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Unable to read datetime with format "0600 UTC OCT 25"

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When I import data from a kml file using readtable, it stores the date and time in a string array called Name formatted like this:
"1200 UTC OCT 10"
"1800 UTC OCT 10"
"0000 UTC OCT 11"
"0600 UTC OCT 11"
In the latest round of my bout with datetime, I'm struggling to get this into a datetime variable.
I have tried this, but it doesn't work:
datimStorm = datetime( Name, 'InputFormat', 'hhmm ''UTC'' MM yy' );
Can this be done using the 'InputFormat', or do I have to do it myself with substrings?
  1 Comment
dormant
dormant on 25 Oct 2023
Thanks to both of you. I made a mistake in cutting and pasting and included 'yy' where I was using 'dd'.
I got confused as well by the difference between "HH" and "hh", but the MATLAB documentation sorted me out.
The format does not include a year. How foolish is that?

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Accepted Answer

Star Strider
Star Strider on 25 Oct 2023
That is almost correct. Use 'MMM' for months in that format, and 'HH for hours.
Try this —
Name = ["1200 UTC OCT 10"
"1800 UTC OCT 10"
"0000 UTC OCT 11"
"0600 UTC OCT 11"];
datimStorm = datetime( Name, 'InputFormat', 'HHmm ''UTC'' MMM yy' )
datimStorm = 4×1 datetime array
01-Oct-2010 12:00:00 01-Oct-2010 18:00:00 01-Oct-2011 00:00:00 01-Oct-2011 06:00:00
.
  4 Comments
Steven Lord
Steven Lord on 25 Oct 2023
@Jon For a definitive answer to your last question you'd have to ask the authors and reviewers of the Unicode Technical Standard (linked in the documentation for the Format property on the datetime array) whose symbols we (mostly) use. The table in the standard does list a Y symbol as an option for specifying years, but looking at its description I'm not sure how useful that would be for MATLAB which is why I'd guess we didn't implement it.
Star Strider
Star Strider on 25 Oct 2023
Edited: Star Strider on 25 Oct 2023
Two-digit years are certainly acceptable, and were the norm for a while, due to early computer memory and storage limitations. (This was the problem with the ‘Y2K’ concerns, in that years were stored as two digits for decades. Had the software not been updated and records not been corrected to four-digit years prior to the year 2000, the years would have jumped ahead by a century — 1999 would have become 2099 overnight — causing massive calculation errors.)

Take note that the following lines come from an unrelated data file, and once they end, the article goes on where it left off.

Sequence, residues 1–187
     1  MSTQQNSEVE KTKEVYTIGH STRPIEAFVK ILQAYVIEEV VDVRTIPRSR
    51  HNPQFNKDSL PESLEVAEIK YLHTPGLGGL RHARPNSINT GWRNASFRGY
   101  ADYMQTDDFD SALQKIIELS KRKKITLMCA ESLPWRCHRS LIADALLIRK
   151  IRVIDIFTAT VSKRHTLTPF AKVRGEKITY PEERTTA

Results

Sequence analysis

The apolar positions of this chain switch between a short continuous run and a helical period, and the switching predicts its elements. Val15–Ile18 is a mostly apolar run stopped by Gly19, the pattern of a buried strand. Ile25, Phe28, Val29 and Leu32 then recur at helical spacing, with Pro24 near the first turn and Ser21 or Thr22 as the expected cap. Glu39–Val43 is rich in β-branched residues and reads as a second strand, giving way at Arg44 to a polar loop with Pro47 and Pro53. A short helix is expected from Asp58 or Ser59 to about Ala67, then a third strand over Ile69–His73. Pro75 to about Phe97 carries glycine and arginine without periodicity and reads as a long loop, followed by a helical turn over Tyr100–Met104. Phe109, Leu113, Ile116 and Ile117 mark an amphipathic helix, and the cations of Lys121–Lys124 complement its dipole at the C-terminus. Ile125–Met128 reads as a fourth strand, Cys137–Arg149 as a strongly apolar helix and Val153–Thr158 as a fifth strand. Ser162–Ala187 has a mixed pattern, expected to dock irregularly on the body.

I was following the provided 'InputFormat' string, with appropriate changes to be certain that the months and hours were imported correctly, since that appeared to hsve been the issue.
EDIT — (25 Oct 2023 at 17:30)
One relatively important feature that I inadvertently omitted was to declare the 'TimeZone' as 'UTC' since that information was provided (also changing ‘yy’ to ‘dd’) —
Name = ["1200 UTC OCT 10"
"1800 UTC OCT 10"
"0000 UTC OCT 11"
"0600 UTC OCT 11"];
datimStorm = datetime( Name, 'InputFormat', 'HHmm ''UTC'' MMM dd', 'TimeZone','UTC' )
datimStorm = 4×1 datetime array
10-Oct-2023 12:00:00 10-Oct-2023 18:00:00 11-Oct-2023 00:00:00 11-Oct-2023 06:00:00
LocalTime = datimStorm;
LocalTime.TimeZone = 'America/Denver'
LocalTime = 4×1 datetime array
10-Oct-2023 06:00:00 10-Oct-2023 12:00:00 10-Oct-2023 18:00:00 11-Oct-2023 00:00:00
You can then change the 'TimeZone' in a copied array (with a different name) as local time. The initial array will remain defined as UTC.
.

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More Answers (1)

Jon
Jon on 25 Oct 2023
t = "1200 UTC OCT 10"
t = "1200 UTC OCT 10"
td = datetime(t,'InputFormat','hhmm ''UTC'' MMM dd')
td = datetime
10-Oct-2023
  2 Comments
Jon
Jon on 25 Oct 2023
Ooops should have been
t = "1200 UTC OCT 10"
t = "1200 UTC OCT 10"
td = datetime(t,'InputFormat','HHmm ''UTC'' MMM dd')
td = datetime
10-Oct-2023 12:00:00
dormant
dormant on 25 Oct 2023
Thanks, I had got confused by HH and hh. The format doesn't include a year, so dd is appropriate.

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